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Effective Media Impact and Engagement: Five Tips for Researchers

Dr William Van Gordon, Associate Professor of Contemplative Psychology at the University of Derby

One of the most effective ways to maximise research impact is to increase the range of people and organisations that encounter, and might therefore be interested in, the findings.

This is where dissemination by the media can be particularly useful, not to mention related benefits such as raising the profile of the researcher, their research discipline, and their institution.

During the past four years, my research or opinion has been featured by national or major news outlets on over 200 occasions in more than 20 different countries, including via Television, radio, and in newspapers and magazines.

Based on my own media engagement experiences, here are five tips to help researchers foster effective interaction with the media as a means of maximising research impact:

1. Work with your press office

It is essential to get to know the various ways the press team at your university or research institution can support you as a researcher. Examples include help with identifying and responding to media engagement opportunities, disseminating and communicating research findings to a broad audience, managing relationships with journalists and media outlets, and opportunities for media training.

Sustained successful media engagement invariably reflects a team effort between the researcher and press office. The importance of this relationship will become particularly apparent if your research paper happens to capture the collective interest of the national and / or international media.

At such times, there can be literally dozens of journalists or media outlets wanting to interview you at the same time, yet by acting as an interface between you and the media enquiries, the press team will be there to calmly support you and advise on how best to navigate and capitalise on the sudden interest in your work.

2. Respond in a timely manner

Media outlets often work to tight deadlines and usually want prompt responses to enquiries. Consider it a luxury if you are given more than 72 hours to prepare for a media interview as typically, the time window can be a matter of hours rather than days.

Being able to respond quickly to media enquires will maximise the chances of your research or expert opinion being used by the journalist. It will also increase the likelihood of the journalist or media outlet contacting you again in the future, since they know that you can accommodate the time pressures associated with their field of work.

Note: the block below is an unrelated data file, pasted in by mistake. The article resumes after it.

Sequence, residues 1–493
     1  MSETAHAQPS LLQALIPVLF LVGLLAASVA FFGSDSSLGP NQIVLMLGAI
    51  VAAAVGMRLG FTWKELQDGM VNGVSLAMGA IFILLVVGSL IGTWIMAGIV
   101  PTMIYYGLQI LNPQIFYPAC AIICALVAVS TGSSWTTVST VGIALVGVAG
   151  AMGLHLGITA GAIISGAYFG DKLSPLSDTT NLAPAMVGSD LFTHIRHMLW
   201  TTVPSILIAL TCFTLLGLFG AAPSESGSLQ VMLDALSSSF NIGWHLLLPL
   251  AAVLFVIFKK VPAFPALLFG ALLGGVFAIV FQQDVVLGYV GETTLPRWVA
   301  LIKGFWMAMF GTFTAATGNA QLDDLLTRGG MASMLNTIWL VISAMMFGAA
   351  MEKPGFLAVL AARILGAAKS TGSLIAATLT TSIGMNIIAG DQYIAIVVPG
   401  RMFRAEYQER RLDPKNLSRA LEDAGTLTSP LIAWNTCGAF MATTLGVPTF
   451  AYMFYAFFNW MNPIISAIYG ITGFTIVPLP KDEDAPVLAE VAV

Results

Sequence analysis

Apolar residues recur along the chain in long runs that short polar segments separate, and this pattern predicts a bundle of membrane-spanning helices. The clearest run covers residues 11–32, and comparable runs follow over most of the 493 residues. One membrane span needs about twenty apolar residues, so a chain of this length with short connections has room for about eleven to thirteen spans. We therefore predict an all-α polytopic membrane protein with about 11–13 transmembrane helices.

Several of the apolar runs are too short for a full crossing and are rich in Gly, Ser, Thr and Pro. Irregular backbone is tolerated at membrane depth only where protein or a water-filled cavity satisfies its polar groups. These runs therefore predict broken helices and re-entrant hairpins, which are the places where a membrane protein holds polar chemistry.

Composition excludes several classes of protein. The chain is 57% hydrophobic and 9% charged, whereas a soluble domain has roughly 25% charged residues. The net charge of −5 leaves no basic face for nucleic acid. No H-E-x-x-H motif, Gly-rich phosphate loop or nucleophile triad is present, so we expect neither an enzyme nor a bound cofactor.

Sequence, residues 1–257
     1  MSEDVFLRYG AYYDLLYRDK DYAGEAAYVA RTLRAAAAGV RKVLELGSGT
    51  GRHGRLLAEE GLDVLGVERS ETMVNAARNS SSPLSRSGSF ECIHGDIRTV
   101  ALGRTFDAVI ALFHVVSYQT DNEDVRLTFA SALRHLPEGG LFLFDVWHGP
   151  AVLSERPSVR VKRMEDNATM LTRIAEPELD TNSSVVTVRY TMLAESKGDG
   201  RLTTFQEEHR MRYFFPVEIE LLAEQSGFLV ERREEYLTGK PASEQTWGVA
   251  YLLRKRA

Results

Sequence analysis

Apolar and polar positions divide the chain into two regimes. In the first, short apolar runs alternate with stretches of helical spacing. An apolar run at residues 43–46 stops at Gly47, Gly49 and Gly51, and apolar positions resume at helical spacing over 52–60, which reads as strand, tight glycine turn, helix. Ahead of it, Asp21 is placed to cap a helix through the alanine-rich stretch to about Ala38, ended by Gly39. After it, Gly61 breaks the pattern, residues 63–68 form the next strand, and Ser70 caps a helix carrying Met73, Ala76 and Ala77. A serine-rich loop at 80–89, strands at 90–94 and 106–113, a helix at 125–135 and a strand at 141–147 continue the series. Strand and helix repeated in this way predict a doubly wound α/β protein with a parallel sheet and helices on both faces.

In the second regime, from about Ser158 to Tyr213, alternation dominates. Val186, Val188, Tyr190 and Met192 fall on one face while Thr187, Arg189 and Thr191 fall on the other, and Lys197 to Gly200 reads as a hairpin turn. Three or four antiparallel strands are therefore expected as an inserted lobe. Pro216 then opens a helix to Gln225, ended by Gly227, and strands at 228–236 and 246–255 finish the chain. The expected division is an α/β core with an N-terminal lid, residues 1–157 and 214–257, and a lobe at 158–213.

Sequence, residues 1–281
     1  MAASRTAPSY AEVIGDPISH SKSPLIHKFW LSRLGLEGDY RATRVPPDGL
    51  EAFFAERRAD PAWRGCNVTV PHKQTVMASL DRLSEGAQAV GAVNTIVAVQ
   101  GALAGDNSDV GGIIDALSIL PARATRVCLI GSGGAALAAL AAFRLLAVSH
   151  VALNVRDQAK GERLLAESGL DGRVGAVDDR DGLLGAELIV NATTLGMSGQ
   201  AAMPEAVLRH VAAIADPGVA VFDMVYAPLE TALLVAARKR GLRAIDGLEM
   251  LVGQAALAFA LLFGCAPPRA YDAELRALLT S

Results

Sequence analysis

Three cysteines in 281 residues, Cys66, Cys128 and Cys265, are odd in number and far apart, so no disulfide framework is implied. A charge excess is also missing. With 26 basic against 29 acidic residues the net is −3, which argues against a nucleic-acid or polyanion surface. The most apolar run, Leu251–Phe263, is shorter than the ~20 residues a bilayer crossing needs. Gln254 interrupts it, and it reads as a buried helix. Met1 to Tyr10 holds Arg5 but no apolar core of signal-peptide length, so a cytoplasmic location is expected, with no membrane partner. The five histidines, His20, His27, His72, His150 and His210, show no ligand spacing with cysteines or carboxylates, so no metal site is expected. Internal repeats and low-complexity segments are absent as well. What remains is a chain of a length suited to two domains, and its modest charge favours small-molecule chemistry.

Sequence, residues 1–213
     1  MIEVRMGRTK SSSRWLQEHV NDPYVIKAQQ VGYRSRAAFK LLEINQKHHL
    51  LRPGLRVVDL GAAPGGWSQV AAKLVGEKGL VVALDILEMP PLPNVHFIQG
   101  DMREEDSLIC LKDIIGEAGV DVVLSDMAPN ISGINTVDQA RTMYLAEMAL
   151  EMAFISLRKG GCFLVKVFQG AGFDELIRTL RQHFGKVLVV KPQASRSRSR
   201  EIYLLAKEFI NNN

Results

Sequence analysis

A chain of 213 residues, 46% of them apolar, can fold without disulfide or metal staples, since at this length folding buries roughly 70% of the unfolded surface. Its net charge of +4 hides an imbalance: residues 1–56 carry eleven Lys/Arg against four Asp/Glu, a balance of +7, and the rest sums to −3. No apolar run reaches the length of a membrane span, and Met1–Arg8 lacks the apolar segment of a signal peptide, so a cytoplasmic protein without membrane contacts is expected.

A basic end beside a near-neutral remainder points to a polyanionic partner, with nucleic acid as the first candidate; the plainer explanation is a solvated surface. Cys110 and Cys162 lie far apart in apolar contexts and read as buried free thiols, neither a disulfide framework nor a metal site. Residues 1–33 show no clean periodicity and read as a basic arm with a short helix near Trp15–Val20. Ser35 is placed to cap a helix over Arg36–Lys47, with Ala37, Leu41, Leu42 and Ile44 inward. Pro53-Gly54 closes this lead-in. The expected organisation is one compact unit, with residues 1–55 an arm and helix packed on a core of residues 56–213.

3. Be prepared

Remember that whenever you engage in a media interview, you are not only an ambassador of the organisation or organisations you represent but are also an ambassador of yourself. Preparation will not only improve the quality of your responses but will also help with your confidence and delivery.

Before you engage in a media interview, you should have a good idea of what angle the journalist is taking and what questions are likely to be asked, as well as how to respond. You should also have a good idea as to the style of the media outlet and their intended audience.

Depending on context, it is also worth considering whether there are likely to be any tricky interview questions or tactics. If you have already anticipated and prepared for such eventualities, then you are unlikely to be caught off guard. Attending training on how to engage with the media and learning how to identify and respond to different interview strategies is also a good idea.

4. Be responsible

When discussing your work or research findings with the media, it will obviously be necessary to alter your language and delivery to suit the style and audience of the media outlet in question.

However, remember that in the overwhelming majority of instances, your role as a researcher or academic will be to present information in an objective and impartial a manner as possible. In other words, make sure your responses are grounded in evidence and avoid any inclination toward sensationalising or feeling that you are there to entertain.

Also, it is perfectly acceptable to respond by stating that a question falls outside your field of expertise or that you would prefer not to second-guess.

5. Be proactive

Press releases via your institution are obviously a good way to foster media interest in your research findings, but other strategies can also be employed.

In general, the more proactive you are in getting your research “out there”, the greater the chance of the media becoming interested in your work. Some journalists peruse peer-reviewed publications for newsworthy content, particularly in the case of the more impactful or established journals. However, consider writing a recapitulation of your key findings for relevant professional, practitioner, or lay publications.

Other useful strategies include writing your own thought leadership piece about your research, becoming a regular column writer for a relevant publication, having an up-to-date staff profile on your institution’s website, listing yourself as being available for media interviews on relevant websites or databases, making short videos of your research talks available online, and making use of social media.

Dr William Van Gordon, Associate Professor of Contemplative Psychology at the University of Derby

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